As site director for the Wacker Group's Charleston, Tennessee, chemical plant, Mary Beth Hudson oversees the largest single private investment in a manufacturing plant ever made in Tennessee.
In 2019, the $2.5 billion investment by Wacker in Bradley County got even bigger with a $150 million expansion that added another 50 jobs and an entirely new product line.
Hudson, a chemist and engineer who has been with Wacker for 21 years, came to Tennessee in 2016 from her native Kentucky, where she helped head Wacker's polymer plant in Calvert City. In Charleston, Hudson has had plenty of challenges during her three-and-a-half years in the polysilicon production facility. She has faced both engineering and political battles as Wacker has adjusted its production process and its business model to fit mechanical and market needs.
Within six months of her arrival in Charleston, Hudson was forced to handle an explosion that resulted in a plant worker, a firefighter, four deputies and seven local residents being treated by local hospitals. An investigation by the Tennessee Department of Environment and Conservation determined the blast sent 1,784 pounds of hydrochloric acid into the air. Part of the Wacker plant had to be rebuilt and new systems put in place before polysilicon production could resume.
An even bigger threat to the plant came when U.S.-China trade battles resulted in import tariffs and duties being put on solar panels and polysilicon products. The development effectively shut the Charleston-made product out of China. At the time, Wacker was building the Charleston plant in large measure to help serve the growing China market without locating the plant in China, where intellectual property and production process was less protected.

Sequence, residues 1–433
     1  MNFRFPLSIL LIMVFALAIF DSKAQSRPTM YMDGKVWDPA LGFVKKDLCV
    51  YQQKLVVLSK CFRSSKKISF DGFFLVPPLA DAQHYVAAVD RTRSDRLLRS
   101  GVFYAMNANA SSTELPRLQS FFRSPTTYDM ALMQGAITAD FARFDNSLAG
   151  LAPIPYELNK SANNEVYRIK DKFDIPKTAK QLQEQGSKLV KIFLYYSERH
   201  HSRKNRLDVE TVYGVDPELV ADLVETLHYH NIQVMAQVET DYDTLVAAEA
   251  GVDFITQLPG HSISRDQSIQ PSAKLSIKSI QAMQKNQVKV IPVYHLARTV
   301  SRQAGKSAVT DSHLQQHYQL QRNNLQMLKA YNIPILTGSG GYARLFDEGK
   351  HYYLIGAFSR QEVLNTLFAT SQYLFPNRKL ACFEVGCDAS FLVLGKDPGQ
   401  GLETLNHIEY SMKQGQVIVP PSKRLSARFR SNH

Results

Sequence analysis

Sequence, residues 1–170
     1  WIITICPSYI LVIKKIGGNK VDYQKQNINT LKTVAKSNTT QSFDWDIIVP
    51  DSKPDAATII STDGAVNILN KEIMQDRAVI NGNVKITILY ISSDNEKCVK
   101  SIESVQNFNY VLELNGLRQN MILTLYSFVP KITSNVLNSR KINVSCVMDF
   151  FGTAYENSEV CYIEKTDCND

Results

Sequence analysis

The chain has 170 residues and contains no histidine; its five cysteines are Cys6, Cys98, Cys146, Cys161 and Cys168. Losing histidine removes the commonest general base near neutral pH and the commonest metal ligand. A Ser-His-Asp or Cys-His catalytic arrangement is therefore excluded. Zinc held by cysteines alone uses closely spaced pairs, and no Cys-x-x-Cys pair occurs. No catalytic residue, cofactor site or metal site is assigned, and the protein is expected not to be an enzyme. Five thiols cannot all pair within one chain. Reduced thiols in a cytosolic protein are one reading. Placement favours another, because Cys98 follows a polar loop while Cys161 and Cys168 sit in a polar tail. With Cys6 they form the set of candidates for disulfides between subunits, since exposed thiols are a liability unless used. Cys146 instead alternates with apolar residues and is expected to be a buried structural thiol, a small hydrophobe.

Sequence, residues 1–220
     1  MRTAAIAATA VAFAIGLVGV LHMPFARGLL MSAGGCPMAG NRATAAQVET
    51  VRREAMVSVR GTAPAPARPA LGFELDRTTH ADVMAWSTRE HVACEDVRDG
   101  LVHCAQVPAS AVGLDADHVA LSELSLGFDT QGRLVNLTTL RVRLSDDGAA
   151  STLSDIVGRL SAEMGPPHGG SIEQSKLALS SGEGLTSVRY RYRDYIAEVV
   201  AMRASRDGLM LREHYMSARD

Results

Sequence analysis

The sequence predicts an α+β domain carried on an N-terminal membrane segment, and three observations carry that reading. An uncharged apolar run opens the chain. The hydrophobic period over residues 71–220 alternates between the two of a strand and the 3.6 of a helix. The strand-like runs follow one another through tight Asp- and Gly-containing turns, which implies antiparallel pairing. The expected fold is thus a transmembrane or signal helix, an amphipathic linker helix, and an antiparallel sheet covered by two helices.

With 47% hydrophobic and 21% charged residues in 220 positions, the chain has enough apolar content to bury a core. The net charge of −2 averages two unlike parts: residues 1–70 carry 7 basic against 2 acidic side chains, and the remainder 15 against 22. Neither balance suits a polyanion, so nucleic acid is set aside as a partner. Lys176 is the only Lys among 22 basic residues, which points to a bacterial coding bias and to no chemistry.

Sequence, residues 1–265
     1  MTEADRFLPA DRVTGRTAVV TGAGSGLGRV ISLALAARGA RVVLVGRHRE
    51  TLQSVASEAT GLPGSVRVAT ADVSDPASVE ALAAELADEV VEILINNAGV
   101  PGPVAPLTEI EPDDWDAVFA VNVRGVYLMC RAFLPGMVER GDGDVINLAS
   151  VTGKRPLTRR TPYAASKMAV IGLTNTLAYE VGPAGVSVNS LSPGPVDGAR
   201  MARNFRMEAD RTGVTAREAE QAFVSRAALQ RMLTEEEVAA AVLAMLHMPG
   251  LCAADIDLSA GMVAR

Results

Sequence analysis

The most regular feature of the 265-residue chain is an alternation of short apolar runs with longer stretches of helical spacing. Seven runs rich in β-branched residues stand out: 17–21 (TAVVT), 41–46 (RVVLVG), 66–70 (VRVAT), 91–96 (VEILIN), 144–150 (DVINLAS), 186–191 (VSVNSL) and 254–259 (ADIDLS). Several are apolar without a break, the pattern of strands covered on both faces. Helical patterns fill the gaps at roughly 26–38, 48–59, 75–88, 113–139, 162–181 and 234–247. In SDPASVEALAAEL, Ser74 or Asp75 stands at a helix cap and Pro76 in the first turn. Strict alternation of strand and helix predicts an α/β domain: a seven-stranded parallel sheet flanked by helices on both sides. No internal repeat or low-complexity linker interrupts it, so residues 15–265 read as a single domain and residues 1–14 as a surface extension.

"We had to reorient this facility, but Wacker is committed to taking the long view and investing not just for the next quarter but for years in the future," says Hudson, noting the facility is now targeting the growing semiconductor industry.
Suppliers to Wacker take quartz and produce metallurgical grade-silicon, which is roughly 97% to 98% pure. At the Charleston plant, Wacker purifies that to ultra-high purity level necessary for the product to be used in the solar and semiconductor industry. Wacker's process results in a ultra-high purity polysilicon product with imperfections measured in parts per trillion.
On the 550-acre complex just off Interstate 75 in northern Bradley County, Wacker has plenty of room to add other chemical lines that complement its operations. The German chemical maker broadened its product line this year by adding production of pyrogenic silica using one of the byproducts from its polysilicon operations.
Worldwide, consumption of pyrogenic silica totals more than 250,000 tons a year and Wacker is one of only a handful of suppliers for the product. The new Charleston plant has a production capacity of 13,000 metric tons. Wacker's overall staff is up to 670 workers.
Mary Beth Hudson
* Job: Vice president of Wacker Polysilicon Division NCA and site manager of the Wacker facility in Charleston, Tennessee
* Influence: The Kentucky native has headed the largest private manufacturing investment ever in Tennessee for the past three and a half years and in 2019 she led the completion of the $150 million HDK plant, adding 150 jobs making pyrogenic silica.
* Just for fun: Hudson and her husband enjoy golfing, hiking and other entertainment and outdoor activities in Chattanooga.